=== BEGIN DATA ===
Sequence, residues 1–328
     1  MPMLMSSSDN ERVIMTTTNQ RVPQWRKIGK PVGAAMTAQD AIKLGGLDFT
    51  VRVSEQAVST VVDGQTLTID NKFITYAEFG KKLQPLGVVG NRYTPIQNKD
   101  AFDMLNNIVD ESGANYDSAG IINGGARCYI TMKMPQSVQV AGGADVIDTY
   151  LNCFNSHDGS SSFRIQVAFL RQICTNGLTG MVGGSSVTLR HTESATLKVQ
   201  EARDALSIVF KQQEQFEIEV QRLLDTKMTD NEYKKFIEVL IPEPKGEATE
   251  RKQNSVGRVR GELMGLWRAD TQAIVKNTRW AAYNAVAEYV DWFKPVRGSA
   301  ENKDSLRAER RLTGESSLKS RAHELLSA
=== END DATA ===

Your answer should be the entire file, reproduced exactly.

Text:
Sequence, residues 1–328
     1  MPMLMSSSDN ERVIMTTTNQ RVPQWRKIGK PVGAAMTAQD AIKLGGLDFT
    51  VRVSEQAVST VVDGQTLTID NKFITYAEFG KKLQPLGVVG NRYTPIQNKD
   101  AFDMLNNIVD ESGANYDSAG IINGGARCYI TMKMPQSVQV AGGADVIDTY
   151  LNCFNSHDGS SSFRIQVAFL RQICTNGLTG MVGGSSVTLR HTESATLKVQ
   201  EARDALSIVF KQQEQFEIEV QRLLDTKMTD NEYKKFIEVL IPEPKGEATE
   251  RKQNSVGRVR GELMGLWRAD TQAIVKNTRW AAYNAVAEYV DWFKPVRGSA
   301  ENKDSLRAER RLTGESSLKS RAHELLSA